New Zealand female MPs thrown out of parliament after raising sexual assaults
Women had sought apology after comments on rape by prime minister John Key
Several female MPs were ordered to leave the New Zealand parliament on Wednesday after their declarations that they had been victims of sexual assault were ruled out of order by the speaker.
The women’s intervention came after prime minister John Key on Tuesday accused opposition Labour and Green MPs of “backing the rapists” in a row over the detention of New Zealanders by the Australian government.
Opposition politicians had raised concerns in parliament over the detention of New Zealand citizens awaiting deportation after the Australian government cancelled visas for those convicted of certain crimes.
“Some of the [detainees] are rapists, some of them are child molesters, and some of them are murderers,” Mr Key said.
“These are the people that the Labour party are saying are more important to support than New Zealanders who deserve protecting when they come back here.”
Mr Key told Labour MP Kelvin Davis, who has said the detentions make a “mockery” of the Anzac relationship: “If you want to put yourself on the side of sex offenders, go ahead my son, but we’ll defend New Zealanders.”
An estimated three-quarters of Labour MPs walked out of parliament directly after Mr Key’s comments on Tuesday, along with several Green members.
Mr Key told the house and New Zealand media that he stood by his comments.
On Wednesday, Green party co-leader Metiria Turei told the speaker that as a survivor of sexual violence she was deeply offended by Mr Key’s remarks: “As the victim of a sexual assault, I take personal offence at the prime minister’s comments, and ask that you require him to withdraw and apologise.”
Her comments were echoed by Green MP Catherine Delahunty, who was told by the speaker to stop and sit back down.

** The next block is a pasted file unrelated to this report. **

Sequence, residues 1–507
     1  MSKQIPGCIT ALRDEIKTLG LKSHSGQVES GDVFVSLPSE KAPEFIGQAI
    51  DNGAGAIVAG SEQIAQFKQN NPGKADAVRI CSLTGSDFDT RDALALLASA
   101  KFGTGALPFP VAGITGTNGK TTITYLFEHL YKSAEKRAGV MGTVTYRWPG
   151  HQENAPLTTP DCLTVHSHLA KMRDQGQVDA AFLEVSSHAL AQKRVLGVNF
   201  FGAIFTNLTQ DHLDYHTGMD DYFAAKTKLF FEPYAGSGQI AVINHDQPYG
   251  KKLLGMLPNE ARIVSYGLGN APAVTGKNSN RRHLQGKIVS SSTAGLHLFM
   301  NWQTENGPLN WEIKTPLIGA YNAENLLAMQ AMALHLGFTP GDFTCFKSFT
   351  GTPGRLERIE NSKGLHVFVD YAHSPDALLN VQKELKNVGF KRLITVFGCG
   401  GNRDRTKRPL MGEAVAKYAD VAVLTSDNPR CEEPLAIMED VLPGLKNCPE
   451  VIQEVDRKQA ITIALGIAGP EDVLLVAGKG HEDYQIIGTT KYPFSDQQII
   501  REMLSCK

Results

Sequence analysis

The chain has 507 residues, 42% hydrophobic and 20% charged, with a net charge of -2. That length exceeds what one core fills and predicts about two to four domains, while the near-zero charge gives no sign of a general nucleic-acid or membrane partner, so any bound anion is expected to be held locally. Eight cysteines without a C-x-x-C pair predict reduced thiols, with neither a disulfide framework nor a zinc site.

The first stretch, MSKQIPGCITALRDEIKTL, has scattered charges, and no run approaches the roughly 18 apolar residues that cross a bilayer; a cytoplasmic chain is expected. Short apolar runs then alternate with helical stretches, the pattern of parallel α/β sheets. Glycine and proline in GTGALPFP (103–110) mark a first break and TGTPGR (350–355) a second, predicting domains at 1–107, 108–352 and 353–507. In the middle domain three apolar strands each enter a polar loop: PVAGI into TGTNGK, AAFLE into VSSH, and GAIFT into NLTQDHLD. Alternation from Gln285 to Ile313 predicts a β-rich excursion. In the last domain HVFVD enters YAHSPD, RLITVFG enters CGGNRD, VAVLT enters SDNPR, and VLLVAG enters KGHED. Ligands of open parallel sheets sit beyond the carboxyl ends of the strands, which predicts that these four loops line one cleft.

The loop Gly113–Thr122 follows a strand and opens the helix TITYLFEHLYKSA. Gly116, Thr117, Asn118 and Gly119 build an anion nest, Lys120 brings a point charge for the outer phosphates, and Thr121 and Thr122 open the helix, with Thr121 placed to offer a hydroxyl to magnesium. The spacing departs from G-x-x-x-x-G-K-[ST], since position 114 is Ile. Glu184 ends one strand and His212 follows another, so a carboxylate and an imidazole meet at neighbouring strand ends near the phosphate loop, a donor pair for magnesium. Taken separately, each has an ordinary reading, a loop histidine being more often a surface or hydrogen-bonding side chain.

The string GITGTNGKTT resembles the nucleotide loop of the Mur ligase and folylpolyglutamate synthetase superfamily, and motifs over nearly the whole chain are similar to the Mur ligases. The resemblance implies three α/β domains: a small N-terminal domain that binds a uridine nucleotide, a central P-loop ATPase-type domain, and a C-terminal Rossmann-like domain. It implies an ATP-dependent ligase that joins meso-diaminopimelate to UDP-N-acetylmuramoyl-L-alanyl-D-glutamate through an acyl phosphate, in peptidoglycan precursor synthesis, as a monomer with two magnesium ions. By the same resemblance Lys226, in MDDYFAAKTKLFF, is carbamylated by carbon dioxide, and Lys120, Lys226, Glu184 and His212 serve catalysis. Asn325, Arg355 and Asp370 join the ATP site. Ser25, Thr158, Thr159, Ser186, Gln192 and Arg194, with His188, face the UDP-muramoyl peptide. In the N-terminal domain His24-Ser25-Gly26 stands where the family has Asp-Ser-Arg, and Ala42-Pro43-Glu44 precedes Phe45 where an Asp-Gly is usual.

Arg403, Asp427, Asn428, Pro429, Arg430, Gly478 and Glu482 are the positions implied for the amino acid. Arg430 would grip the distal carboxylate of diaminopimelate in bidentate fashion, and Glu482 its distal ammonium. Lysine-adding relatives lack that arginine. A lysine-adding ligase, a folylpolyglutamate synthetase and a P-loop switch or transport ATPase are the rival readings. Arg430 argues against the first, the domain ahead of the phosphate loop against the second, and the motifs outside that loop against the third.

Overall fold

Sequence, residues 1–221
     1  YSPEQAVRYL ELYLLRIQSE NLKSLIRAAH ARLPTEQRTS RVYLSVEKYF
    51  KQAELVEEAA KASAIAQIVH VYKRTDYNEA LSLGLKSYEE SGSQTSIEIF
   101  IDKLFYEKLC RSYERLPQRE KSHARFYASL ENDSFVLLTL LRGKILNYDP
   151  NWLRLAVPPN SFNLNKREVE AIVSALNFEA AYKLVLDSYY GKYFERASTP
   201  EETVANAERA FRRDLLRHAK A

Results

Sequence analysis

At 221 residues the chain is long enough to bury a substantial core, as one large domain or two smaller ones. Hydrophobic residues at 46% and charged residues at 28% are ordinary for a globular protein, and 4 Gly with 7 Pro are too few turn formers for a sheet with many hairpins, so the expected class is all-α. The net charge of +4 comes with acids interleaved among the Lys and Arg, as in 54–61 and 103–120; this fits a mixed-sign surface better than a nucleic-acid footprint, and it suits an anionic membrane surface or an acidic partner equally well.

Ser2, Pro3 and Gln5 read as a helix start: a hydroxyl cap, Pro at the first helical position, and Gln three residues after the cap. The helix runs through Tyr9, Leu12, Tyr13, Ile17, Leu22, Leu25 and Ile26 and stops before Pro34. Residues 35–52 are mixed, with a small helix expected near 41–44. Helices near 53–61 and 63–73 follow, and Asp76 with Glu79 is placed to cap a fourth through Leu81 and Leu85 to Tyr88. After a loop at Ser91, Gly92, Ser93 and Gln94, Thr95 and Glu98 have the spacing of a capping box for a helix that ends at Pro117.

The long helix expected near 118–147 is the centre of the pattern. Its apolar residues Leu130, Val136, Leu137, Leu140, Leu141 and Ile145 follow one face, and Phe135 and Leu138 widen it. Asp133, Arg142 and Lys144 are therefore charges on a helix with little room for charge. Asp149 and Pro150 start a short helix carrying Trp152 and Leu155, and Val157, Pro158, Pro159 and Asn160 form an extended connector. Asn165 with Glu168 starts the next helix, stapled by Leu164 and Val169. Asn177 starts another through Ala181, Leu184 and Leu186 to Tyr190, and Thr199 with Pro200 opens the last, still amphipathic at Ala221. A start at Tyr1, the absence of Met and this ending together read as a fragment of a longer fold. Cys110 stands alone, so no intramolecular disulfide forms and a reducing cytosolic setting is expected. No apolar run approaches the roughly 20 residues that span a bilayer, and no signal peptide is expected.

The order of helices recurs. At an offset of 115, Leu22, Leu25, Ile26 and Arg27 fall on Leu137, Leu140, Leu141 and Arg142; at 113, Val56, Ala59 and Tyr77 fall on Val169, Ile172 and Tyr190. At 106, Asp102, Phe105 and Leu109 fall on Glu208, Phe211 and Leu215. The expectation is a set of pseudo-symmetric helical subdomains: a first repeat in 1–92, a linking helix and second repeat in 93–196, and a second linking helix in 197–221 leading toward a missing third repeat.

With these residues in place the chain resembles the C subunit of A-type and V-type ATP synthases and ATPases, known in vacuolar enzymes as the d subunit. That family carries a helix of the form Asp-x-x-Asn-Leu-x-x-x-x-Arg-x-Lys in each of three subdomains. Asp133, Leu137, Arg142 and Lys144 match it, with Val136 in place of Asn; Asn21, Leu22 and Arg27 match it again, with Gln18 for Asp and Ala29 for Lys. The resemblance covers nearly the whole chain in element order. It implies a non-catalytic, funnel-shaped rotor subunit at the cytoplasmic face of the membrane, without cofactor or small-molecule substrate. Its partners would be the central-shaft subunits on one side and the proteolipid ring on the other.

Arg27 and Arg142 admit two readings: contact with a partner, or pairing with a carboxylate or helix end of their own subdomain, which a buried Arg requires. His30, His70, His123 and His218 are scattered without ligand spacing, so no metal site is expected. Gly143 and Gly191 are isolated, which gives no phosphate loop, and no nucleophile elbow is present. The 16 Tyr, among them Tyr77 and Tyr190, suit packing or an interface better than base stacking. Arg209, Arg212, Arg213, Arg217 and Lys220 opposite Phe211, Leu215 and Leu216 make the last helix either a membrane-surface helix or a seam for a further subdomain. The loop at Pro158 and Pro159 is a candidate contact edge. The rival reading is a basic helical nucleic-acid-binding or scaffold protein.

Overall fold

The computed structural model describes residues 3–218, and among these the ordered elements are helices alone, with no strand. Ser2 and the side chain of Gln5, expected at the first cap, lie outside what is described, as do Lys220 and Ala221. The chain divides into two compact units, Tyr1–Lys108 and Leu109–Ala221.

When other female MPs, including Labour’s Nanaia Mahuta, Clare Curran and Megan Woods, along with Green MP Marama Davidson repeated the call for Mr Key to apologise with reference to their own assaults, Mr Carter ordered them to stop, saying they were “flouting the rules” by claiming to make points of order.
Mr Carter said he had not heard Mr Key’s comments clearly at the time and it was too late to demand an apology.
Despite the warning, MPs continued to stand to urge the speaker to take action.
Green MP Marama Davidson was then thrown out of the House, followed by Poto Williams. At least eight others then chose to leave the debating chamber.
They were joined by four male MPs, including Greens co-leader James Shaw, and are demanding Mr Key apologise for his comments.
Ms Delahunty said the MPs had walked out on behalf of women around New Zealand. “We’ve walked out because every woman in this country needs to know that women parliamentarians will not put up with this,” she said.
“We will not stand by and allow this to be bandied around parliament – this kind of abuse of people and way of approaching rape is simply unacceptable, and the prime minister has to be held to account.”
The MPs who walked out are being widely praised on social media and Wellington Rape Crisis said it supported the MPs’ action.